Event Report: FRC Training Webinar – International Parental Child Abduction

Date: 24 November 2021 Time: 10:00 AM – 11:30 AM AEDT Venue: YouTube Live via ZOOM Speaker: Kay Hardefeldt & Jenny Tam

About the Presenters:

Kay Hardefeldt is the Manager of International Parental Child Abduction (IPCA) Social Work service and the International Family Mediation (IFM) team. She has worked for ISS Australia since 2010 and is committed to reducing barriers associated with cross border social work and family mediation services

Jenny Tam is the Principal Lawyer of ISS Australia’s Victorian office. Since 2014, she has worked as a family lawyer within the community legal sector to support parents through difficult legal processes.


On 24 November 2021, the Family Law Pathways Network, in collaboration with International Social Services (ISS) Australia, presented a webinar detailing the work that ISS Australia does and, more specifically, International parental child abduction, including how to recognise it, remedies under the 1980 Hague Convention and legal and social work offered to families experiencing it.

ISS Australia has partners overseas across an international network called the global ISS network. ISS Australia provides intercountry social work and legal services for children and families separated by international borders. Apart from International Parental Child Abduction (IPCA) and International Family Mediation (IFM), ISS offers other services, such as International Child Welfare, International Kinship Care, International Post Adoption Tracing Service (IPATS) and Special Search Service (SSS). With regard to Welfare and Kinship, some countries may not have a functioning child protection service like in Australia. An example of where the International Post Adoption Tracing Service is use is where someone born and adopted in UK and immigrated to Australia with adopting parents and wants to trace their biological parents overseas.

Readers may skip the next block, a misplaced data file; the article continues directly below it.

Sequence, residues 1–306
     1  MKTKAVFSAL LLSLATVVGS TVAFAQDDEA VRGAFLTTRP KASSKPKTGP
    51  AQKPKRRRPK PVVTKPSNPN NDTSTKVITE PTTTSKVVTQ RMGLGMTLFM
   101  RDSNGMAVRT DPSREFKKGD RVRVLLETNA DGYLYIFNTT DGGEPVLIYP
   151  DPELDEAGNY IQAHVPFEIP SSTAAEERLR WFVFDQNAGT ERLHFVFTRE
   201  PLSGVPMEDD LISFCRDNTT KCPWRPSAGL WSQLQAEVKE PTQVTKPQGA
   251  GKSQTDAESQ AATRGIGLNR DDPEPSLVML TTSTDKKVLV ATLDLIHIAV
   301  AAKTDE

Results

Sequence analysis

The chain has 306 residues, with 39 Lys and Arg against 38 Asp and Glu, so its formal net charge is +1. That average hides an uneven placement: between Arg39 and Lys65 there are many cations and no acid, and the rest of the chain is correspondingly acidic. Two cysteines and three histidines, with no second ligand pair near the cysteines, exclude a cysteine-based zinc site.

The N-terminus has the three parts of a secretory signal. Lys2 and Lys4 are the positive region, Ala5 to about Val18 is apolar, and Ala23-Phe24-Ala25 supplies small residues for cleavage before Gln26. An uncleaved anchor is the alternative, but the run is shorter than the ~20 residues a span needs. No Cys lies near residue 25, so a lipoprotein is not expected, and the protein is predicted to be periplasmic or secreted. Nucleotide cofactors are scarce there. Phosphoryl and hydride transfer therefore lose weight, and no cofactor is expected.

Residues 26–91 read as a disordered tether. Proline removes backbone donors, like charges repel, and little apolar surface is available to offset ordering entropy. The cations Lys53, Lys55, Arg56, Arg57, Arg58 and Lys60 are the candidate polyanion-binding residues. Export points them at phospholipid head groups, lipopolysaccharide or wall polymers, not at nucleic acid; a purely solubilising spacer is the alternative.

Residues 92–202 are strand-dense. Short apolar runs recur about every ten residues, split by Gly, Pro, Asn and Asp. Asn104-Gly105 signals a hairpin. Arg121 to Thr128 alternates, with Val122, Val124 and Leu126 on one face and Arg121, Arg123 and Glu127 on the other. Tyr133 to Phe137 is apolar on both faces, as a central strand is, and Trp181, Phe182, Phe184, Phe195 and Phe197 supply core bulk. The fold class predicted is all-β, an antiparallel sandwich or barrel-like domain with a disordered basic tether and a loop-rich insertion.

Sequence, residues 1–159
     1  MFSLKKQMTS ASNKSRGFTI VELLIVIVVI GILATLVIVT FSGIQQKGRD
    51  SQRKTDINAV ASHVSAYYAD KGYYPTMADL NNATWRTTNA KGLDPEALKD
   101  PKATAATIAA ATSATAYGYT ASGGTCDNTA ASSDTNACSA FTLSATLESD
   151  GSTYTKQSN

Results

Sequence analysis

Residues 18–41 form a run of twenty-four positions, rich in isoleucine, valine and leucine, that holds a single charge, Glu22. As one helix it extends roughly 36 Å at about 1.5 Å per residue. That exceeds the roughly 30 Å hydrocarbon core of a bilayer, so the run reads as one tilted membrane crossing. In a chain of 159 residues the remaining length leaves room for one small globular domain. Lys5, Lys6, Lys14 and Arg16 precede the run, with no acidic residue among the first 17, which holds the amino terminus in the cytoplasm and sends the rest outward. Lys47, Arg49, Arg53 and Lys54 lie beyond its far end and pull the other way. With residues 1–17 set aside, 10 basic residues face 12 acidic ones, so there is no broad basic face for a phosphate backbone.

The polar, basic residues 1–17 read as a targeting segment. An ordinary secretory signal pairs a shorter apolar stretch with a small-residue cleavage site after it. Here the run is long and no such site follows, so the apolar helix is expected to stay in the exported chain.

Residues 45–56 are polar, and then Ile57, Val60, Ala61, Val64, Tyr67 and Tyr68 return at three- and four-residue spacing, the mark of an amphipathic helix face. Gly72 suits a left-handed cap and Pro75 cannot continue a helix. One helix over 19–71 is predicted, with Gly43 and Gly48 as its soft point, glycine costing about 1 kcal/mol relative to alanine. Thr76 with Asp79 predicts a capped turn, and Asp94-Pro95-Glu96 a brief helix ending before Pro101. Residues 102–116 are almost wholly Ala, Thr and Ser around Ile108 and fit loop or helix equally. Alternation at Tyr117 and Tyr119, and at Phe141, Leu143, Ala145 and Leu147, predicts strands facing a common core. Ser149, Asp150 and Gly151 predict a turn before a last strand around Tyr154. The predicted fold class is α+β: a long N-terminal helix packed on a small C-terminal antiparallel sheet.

Jenny spoke about the legal aspects of IPCA and that it entails a parent taking or keeping a child overseas without the other parent’s permission, or permission from a court. 'Removal' is where a child is taken out of the country without the other parent’s consent or knowledge or both (and there was no court order permitting this). For example, a 'left behind' parent may receive a text message saying that the other parent has kids and they are not returning to Australia. This is different from 'Retention', where there is a child travelling overseas, sometimes as a family or with one parent. The ‘taking parent’ unilaterally decides not to return the child to Australia. Common characteristics of situations where IPCA occurs is where:

  • one or both parents has dual nationality,

  • there are young children involved,

  • taking a parent – mother or primary caregiver,

  • the family has few supports in Australia,

  • they have extended family overseas in country of origin,